Several years ago, I ran into her at a concert at Grace Church, in downtown Providence. She looked great! “Weren’t you dying?” I said! The doctor was wrong. They misdiagnosed me.”
She was certainly no worse for having given away her worldly possessions. She had discovered what really mattered – life itself!
Jesus holds out a relationship with God. We put up excuses. Not now! Maybe when I retire, I’ll think about being a disciple. We hang onto our material stuff – and our emotional stuff – that holds us back. Well, we’d like to be disciples, but not now. Maybe later.
Discipleship is about letting go of anything and everything that clutters our lives and keeps us from finding the way to God’s door. And God wants all of us – not just a glimpse of us on Sunday, some Sundays, or a dollar bill in the offering plate, or our left-over time, if we have any. Being a disciple doesn’t mean that we have to give up what we have – but that we give everything we haveto God, that we use who we are and what we have for God’s work in the world.
We can become disciples right where we are, doing what we are doing, but understanding and redefining our work as discipleship to the glory of God. We can create loving families that grow loving people, choose work to exercise our gifts and give us fullness of life, contribute to our community and tending to the least of these. We can use our intellect to speak truth to power and to work for justice. And yes, we can spend our money wisely, and we can be generous with those who have not.
What defines each of us as individuals and families? What defines us as a congregation? The Jesus who looked lovingly at the young man, and saw what he needed to do to have eternal life, holds out his hand to us and invites us to “come and follow.”
Let’s not keep him waiting!
Moosup Valley Church UCC
October 3, 2021
The text in Mark’s gospel really contains two different matters – first, the question of whether or not a man could divorce his wife, and second, the place of children in God’s kingdom. While these two scenarios may not seem to belong together, they both have to do with two classes of the most vulnerable people in the ancient world – women who are divorced and little children. Jesus treats these situations as an appeal to God’s mercy. And it reminds us why we find so many references in the Bible to caring for widows and orphans.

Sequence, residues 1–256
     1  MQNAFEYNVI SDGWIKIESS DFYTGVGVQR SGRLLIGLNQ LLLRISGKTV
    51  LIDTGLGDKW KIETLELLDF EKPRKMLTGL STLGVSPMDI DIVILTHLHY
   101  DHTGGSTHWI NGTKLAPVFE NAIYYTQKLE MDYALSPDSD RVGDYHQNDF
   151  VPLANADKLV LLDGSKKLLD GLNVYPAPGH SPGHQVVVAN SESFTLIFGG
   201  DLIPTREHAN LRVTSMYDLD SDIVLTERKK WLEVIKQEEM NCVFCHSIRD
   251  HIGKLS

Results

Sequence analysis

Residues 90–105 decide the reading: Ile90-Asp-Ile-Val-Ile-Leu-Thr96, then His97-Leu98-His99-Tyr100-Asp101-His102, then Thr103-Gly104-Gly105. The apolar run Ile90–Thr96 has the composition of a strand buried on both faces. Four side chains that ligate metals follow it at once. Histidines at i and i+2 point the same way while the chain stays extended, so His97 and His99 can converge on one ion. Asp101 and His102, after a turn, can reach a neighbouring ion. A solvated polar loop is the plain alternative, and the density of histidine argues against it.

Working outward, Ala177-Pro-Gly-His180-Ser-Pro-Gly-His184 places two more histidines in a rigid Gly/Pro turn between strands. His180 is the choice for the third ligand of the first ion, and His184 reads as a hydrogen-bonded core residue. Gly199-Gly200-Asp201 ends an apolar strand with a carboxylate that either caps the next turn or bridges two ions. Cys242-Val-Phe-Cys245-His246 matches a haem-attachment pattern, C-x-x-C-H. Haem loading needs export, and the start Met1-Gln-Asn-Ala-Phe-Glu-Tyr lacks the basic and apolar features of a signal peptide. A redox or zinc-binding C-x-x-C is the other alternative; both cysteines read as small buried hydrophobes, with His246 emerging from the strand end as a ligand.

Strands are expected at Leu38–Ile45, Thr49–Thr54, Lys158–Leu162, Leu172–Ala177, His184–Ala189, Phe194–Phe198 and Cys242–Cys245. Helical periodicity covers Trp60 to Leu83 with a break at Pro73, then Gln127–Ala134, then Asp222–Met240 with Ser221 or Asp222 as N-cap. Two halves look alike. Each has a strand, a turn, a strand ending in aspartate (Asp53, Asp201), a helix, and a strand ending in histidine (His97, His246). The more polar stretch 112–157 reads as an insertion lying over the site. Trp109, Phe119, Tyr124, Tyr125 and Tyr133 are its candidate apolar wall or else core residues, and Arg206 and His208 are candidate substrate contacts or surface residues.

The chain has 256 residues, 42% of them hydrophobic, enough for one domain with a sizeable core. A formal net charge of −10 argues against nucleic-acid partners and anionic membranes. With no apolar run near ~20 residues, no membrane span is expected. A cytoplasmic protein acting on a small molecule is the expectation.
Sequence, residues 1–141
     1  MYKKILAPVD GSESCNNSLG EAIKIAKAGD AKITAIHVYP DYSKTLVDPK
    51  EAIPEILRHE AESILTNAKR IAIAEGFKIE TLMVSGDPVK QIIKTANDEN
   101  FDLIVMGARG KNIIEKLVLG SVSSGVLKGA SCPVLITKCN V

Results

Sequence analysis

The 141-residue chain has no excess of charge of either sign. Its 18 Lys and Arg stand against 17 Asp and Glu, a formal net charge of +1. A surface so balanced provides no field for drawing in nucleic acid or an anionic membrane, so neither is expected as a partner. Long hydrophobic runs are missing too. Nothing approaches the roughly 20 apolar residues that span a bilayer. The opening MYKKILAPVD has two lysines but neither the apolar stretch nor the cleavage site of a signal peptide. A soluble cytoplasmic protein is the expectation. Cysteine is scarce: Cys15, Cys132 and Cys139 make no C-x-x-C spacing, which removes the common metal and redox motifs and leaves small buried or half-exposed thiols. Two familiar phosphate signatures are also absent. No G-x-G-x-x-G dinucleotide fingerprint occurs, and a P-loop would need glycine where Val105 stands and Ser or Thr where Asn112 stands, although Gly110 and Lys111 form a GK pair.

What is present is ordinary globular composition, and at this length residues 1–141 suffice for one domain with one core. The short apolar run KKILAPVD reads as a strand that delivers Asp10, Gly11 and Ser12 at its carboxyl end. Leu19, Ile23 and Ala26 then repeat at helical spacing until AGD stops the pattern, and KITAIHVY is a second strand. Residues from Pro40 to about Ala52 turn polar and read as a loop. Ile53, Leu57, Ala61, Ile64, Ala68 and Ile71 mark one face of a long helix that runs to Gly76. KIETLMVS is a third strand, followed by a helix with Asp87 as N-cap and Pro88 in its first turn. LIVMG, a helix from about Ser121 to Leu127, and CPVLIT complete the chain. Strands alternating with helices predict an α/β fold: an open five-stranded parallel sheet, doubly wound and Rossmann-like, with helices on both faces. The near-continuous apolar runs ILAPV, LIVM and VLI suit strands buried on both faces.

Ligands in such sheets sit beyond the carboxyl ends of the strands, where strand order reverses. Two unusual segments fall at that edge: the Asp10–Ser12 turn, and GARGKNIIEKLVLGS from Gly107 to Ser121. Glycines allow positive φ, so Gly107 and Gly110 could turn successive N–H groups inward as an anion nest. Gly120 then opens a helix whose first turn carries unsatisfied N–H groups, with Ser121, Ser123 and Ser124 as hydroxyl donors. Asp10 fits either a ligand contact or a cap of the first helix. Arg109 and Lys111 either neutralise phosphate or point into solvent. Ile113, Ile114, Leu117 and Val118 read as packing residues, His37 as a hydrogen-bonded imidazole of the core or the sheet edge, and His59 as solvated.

First, women in the ancient world depended on the men in their lives – fathers and husbands and brothers – for the necessities of life and for protection in a patriarchal, violent world. The Jewish code allowed a man to divorce his wife for any reason: perhaps another woman had caught his eye, or he wanted a wife who could give him a son, or someone prettier to show off. No matter what: he could simply write out a certificate of dismissal, and out she went into the cold – homeless, vulnerable, destitute!
This text often has been used by churches to keep couples in unhappy unions, even in marriages that are abusive and dangerous. Too many women have been told by their pastors that they must suffer beatings and alcoholism and philanderers because Jesus says that, “…what God has joined together, let no one separate.” And too many women believe it themselves and suffer shame if they find themselves divorced. And some denominations won’t let divorced persons receive the sacraments or remarry in the church. I’ve often done a wedding for a couple under such circumstances.
At the same time, we know that many people treat their marriage vows too lightly. They walk down the aisle with more interest in the party about to begin than in the new relationship they have entered into for life. Roughly 50 percent of all marriages these days end in divorce. Divorce hurts everyone.
But the interpretation that divorce is always wrong comes from a superficial reading of the text and a misrepresentation of what Jesus was actually saying about relationships. We know that the authorities were always trying to confront Jesus with questions that had no easy answers. Mark says, “Some Pharisees came, and to test him they asked, “Is it lawful for a man to divorce his wife?” How is Jesus going to respond to this, the latest trap? Jesus will not be forced into a corner: So, he gives them the legal answer – Yes, one may divorce his wife according to Moses’ law. Then, Jesus reframes the debate and gives them the pastoral answer – God’s intention is maintenance of the marriage bond, wholeness in relationships, mutual respect, and kindness of heart.
Some of us here this morning have been divorced, myself included. I went into my marriage with the expectation that I would be married to my husband for life, that I would raise my children with him, that I would live out my days in that relationship. In the movie “Moonstruck,” Loretta says, “How did I know that this man was a gift I couldn’t keep?” I had grown up in a happy home, and I expected my marriage to be happy. It was not, and I knew that I would need to end it for everyone’s sake.